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RCN calls for improved access to mental healthcare services

College’s report urges action to increase life expectancy for those with mental illness

Access to mental healthcare services is still not equal to that for physical healthcare, according to nurses who cite staffing levels as a significant barrier.


People with serious mental illnesses die between 15 and 20 years earlier than the UK average.
Picture: iStock

Findings from an RCN survey were released today as the college hosts an event to launch a nationwide ‘Charter for Equal Health’, which aims to increase life expectancy for people with severe mental illness.

A total of 566 nurses working in mental health settings in the UK responded to the RCN’s survey on ‘parity of esteem’, with 57% considering that equality between mental and physical healthcare services still had not been achieved.

In 2013, the government in England promised to ensure that people with mental health problems had the same access to treatment as those with physical ill health, and that their conditions would not prevent the NHS spotting and treating any physical issues they might have.

Health departments in Scotland, Wales and Northern Ireland have made similar pledges in the past five years. 

According to the Centre for Mental Health, there is long-standing evidence of the impact of mental illness on people’s physical health. For example, people with serious mental illnesses such as psychosis or bipolar disorder die between 15 and 20 years earlier than the UK average.

Backed by more than 50 health and care organisations, the ‘Charter for Equal Health’ invites supporters to make pledges for action they will take to improve physical health support for people with severe mental illness.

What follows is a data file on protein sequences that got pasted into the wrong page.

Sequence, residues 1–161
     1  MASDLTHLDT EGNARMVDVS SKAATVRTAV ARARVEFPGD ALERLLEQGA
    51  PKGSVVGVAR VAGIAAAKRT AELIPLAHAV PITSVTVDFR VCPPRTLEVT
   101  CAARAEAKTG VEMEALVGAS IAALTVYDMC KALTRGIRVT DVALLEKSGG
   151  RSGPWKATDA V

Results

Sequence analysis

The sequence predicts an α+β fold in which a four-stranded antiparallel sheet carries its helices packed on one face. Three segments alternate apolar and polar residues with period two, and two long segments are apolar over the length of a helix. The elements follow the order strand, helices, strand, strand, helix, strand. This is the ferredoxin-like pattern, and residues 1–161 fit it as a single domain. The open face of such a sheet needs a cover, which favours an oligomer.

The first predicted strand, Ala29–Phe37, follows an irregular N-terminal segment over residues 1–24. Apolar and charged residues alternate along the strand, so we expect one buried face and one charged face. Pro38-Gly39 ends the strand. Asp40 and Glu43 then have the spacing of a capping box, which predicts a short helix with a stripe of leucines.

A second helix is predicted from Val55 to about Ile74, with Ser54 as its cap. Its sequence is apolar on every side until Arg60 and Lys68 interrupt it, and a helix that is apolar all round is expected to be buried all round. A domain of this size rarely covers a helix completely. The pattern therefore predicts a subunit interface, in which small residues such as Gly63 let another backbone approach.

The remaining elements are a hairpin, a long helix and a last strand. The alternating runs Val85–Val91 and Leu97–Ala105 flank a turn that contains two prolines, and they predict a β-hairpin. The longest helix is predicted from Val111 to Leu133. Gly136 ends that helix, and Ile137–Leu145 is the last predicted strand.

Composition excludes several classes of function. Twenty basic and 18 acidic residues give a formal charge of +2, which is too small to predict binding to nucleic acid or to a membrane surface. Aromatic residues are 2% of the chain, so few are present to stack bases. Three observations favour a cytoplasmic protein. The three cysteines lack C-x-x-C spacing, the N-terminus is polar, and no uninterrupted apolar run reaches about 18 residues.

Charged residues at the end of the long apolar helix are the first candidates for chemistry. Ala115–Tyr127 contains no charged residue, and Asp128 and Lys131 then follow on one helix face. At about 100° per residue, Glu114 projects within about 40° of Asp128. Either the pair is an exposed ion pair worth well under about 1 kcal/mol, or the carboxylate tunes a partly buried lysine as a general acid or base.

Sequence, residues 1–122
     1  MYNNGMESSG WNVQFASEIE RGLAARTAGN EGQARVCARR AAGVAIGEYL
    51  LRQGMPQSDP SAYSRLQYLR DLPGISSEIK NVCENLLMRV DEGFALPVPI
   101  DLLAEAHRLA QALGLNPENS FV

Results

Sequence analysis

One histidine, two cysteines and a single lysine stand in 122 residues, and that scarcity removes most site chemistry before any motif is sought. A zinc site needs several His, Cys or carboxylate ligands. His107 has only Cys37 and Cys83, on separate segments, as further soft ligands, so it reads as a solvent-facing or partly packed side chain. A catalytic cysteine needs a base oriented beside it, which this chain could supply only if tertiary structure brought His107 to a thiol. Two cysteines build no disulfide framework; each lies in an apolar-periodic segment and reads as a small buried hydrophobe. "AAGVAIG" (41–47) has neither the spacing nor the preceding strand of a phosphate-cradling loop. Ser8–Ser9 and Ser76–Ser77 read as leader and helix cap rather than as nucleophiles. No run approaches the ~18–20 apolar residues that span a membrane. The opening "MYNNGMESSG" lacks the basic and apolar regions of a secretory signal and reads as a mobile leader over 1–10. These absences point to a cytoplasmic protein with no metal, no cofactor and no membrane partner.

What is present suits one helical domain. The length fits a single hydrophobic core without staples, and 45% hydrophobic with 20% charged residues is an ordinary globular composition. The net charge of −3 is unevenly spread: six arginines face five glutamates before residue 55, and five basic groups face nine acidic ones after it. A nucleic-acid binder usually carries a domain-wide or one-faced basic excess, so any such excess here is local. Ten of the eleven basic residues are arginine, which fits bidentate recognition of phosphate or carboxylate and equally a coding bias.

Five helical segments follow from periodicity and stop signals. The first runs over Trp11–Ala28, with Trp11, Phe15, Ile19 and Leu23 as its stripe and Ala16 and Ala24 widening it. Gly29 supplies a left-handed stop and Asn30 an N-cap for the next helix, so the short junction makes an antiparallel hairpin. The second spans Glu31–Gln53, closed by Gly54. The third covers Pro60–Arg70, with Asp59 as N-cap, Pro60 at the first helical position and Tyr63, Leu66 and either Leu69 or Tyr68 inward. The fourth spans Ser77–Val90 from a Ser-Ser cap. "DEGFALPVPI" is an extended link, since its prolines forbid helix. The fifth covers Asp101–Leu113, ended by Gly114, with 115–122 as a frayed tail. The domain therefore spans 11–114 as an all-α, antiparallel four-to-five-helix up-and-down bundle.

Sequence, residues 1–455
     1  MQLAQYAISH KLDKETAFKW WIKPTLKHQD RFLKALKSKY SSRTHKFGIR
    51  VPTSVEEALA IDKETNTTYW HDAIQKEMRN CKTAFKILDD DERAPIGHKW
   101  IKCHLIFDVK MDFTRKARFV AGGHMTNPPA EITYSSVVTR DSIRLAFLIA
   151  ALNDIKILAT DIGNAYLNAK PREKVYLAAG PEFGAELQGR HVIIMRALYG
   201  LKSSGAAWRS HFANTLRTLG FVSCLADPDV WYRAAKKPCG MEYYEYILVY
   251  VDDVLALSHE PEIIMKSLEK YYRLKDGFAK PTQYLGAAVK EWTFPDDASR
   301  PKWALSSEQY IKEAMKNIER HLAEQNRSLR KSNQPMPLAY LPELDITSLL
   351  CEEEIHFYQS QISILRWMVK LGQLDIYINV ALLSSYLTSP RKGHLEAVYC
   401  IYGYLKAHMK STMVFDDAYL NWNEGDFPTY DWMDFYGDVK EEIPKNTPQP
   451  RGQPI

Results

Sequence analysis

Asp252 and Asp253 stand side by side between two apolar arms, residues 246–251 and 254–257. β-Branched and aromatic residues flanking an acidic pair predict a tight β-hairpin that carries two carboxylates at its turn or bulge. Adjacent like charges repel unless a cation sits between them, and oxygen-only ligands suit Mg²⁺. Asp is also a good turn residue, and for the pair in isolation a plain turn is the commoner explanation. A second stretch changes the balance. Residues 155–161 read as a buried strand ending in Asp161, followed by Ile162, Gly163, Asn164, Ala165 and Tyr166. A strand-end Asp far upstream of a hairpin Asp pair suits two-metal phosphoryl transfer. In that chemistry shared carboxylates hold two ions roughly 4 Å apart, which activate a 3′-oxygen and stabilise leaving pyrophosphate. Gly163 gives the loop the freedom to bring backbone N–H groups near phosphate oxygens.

RCN programme lead for parity of esteem Tim Coupland said there needed to be a more coordinated approach across the NHS to ensure faster progress on the issue.

He said: ‘It’s not only a tragedy that people with mental illness die so much earlier than the general population, it’s also scandalous in a modern health service that we still have so far to go.

‘The college and all nurses, not just those working in mental health, are determined to work with others to increase life expectancy for those with mental illness.

Top three factors that nurses say would help achieve parity of esteem

  • Increased funding for mental healthcare
  • Ensuring safe staffing of services
  • Improved commissioning of services – for example, setting up specialist clinics to help people with mental illness lose weight or stop smoking

Source: Parity of Esteem: Report of the Spring 2018 RCN survey of mental health professionals


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